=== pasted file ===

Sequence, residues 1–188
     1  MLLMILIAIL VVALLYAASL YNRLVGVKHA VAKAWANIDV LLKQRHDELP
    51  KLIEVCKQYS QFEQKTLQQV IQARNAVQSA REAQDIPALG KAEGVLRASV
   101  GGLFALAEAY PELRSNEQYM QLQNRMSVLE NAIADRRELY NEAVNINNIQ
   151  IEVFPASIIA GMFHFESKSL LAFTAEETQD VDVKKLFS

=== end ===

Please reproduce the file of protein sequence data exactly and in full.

Sequence, residues 1–188
     1  MLLMILIAIL VVALLYAASL YNRLVGVKHA VAKAWANIDV LLKQRHDELP
    51  KLIEVCKQYS QFEQKTLQQV IQARNAVQSA REAQDIPALG KAEGVLRASV
   101  GGLFALAEAY PELRSNEQYM QLQNRMSVLE NAIADRRELY NEAVNINNIQ
   151  IEVFPASIIA GMFHFESKSL LAFTAEETQD VDVKKLFS